Car Seat Headrest‘s “Twin Fantasy” is simply one of the best albums ever made nothing more, nothing less
“Face to Face” is not a more palatable version of the album that can reach a wider audience; it is a complete reimagining of Toledo’s original fantasy. Sure, it’s the same ten songs than in the original version, and a couple of them have been left almost untouched: the noisy tone-setter opening track “My Boy (Twin Fantasy)” has been given just a few minor tweaks, while “Stop Smoking (We Love You)”, the brief Pollard-esque acoustic plead that serves as a sedative after the heart-wrenching frenzy of “Beach Life-in-Death”, is simply a better-sounding version of its 2011 counterpart. Some other tracks have been largely re-written; others, even if staying true to the original in terms of their structure and lyrics, have been given an entirely new life: “Beach Life-in-Death” remains the same three-headed monster that functions as the centrepiece of the album’s first side, but its last act has been greatly revamped, effectively becoming the song’s emotional apex: “Oh please, let me join your cult / I’ll paint my face in your colours”, Will Toledo desperately begs over an impressive wall of distorted guitars.
A handful of songs have been altered almost beyond recognition, “High to Death” being the prime example of Toledo’s growth as a musician. Whereas the “Mirror to Mirror” version was a noisy, almost shoegaze-y affair that culminated in an instrumental climax, the “Face to Face” recording finds Toledo choosing not to hide behind a distorted vocal filter, as his production takes a page or two off Radiohead’s “A Moon Shaped Pool” to assemble a plaintive slow-burner whose reluctance to build into an epic ending stands in sharp contrast to the euphoric one-two punch of “Bodys” and “Cute Thing”. In fact, it is the album’s upbeat middle section that has been most substantially altered – “Nervous Young Inhumans” and “Bodys” are no longer the slightly awkward songs to which you’d dance alone in your bedroom after putting the blinds down so no one can see you, having in turn become confident, indie disco-ready bangers.
That the album’s middle section trips down a sunnier path than expected turns out to add even more weight to the emotional resonance of the completely devastating last three songs – “High to Death” sees Toledo in a drunken haze, “considering death” and being trapped by Charlotte Perkins Gilman’s yellow wallpaper, while the album’s title track, kept under a lo-fi spell similar to that of the “Mirror to Mirror” version, remains one of the saddest pieces of music written in the present decade. But the point on which all things converge is the 16-minute long “Famous Prophets (Stars)”, inarguably Car Seat Headrest’s most accomplished studio production to date. Led by a heavy bassline that seems to carry all the emotional baggage of the eight previous tracks, it starts off as a relatively standard post-punkish song and ends up being a lengthy, cathartic jam that incorporates a riff from a song off one of Toledo’s most obscure albums, ultimately bringing closure to the painstar narrative that he opened in the spoken-word outro to “Nervous Young Inhumans.”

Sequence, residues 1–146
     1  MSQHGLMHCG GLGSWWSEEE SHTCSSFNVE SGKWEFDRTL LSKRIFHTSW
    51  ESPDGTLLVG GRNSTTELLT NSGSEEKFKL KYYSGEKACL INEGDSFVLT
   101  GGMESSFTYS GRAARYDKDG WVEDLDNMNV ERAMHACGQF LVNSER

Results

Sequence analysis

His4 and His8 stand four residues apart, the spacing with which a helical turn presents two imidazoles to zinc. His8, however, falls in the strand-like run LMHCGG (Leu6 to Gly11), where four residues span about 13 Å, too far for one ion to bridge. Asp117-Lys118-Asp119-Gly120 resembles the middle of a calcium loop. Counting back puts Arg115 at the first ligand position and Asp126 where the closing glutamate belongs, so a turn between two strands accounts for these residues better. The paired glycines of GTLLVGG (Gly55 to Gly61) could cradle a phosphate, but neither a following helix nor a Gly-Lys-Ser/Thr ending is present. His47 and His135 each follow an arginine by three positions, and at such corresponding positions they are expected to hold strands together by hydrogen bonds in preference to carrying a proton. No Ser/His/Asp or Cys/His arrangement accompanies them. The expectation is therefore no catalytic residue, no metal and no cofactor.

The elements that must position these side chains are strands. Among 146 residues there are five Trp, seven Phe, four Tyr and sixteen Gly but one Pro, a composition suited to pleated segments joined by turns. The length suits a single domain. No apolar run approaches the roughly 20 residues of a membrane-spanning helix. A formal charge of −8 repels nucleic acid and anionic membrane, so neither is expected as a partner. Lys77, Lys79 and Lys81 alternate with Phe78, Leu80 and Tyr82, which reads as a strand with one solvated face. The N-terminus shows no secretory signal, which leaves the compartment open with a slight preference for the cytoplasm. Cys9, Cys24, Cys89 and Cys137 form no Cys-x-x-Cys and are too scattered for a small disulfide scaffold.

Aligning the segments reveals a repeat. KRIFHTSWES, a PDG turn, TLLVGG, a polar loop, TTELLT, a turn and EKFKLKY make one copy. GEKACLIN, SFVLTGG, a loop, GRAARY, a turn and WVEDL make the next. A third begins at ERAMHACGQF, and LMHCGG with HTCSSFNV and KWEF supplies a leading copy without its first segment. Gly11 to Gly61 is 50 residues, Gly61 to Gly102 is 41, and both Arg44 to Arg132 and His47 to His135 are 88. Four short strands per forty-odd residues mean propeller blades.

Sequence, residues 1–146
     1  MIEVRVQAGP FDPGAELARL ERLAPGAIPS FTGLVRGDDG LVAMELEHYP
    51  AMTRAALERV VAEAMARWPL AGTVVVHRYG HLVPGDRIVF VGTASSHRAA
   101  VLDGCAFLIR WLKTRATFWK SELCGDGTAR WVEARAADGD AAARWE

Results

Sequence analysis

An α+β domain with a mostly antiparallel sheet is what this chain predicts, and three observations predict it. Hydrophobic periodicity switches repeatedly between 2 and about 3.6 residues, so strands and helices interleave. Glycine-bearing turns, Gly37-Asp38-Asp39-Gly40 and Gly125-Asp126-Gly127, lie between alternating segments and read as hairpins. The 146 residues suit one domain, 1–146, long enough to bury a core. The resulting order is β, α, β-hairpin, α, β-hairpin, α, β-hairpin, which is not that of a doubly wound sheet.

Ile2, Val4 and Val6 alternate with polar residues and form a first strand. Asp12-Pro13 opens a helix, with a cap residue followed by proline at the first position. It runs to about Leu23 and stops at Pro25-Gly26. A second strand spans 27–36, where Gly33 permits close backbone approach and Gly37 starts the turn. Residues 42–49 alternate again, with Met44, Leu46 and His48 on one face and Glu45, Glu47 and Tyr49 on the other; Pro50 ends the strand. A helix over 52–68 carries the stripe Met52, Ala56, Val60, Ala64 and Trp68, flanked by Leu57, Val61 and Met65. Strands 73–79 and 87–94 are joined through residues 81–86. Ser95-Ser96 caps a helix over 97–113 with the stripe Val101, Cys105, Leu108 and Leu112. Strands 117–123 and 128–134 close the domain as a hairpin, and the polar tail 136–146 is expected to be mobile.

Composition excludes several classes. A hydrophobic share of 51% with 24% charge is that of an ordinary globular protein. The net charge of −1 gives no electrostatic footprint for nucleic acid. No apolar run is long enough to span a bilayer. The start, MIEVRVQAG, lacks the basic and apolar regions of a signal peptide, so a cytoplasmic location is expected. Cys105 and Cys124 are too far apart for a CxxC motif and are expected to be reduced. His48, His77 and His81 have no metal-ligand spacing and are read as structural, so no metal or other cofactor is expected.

I guess I could go on for ages rambling on about the constant repetition of the album’s lyrical and musical motifs, about how Side B is supposed to mirror Side A, about how Car Seat Headrest’s interpolation of his own older material into some of these tracks is key to understand the new narrative behind the songs, about what it means for an album titled “Twin Fantasy” to be bookended by songs with reverse titles which incorporate the same drumbeat partially lifted off The Ronettes. But I don’t think any of that is necessary, or even pertinent, at this point. The two most telling things I can put forward about how I feel about this album is that I couldn’t bring myself to follow the well-established rule of sticking to the third person while writing a review, and that the only way I can possibly wrap this thing up is by saying that the last time any piece of music resonated so powerfully with me was when I came across some amateur Bandcamp album called “Twin Fantasy”.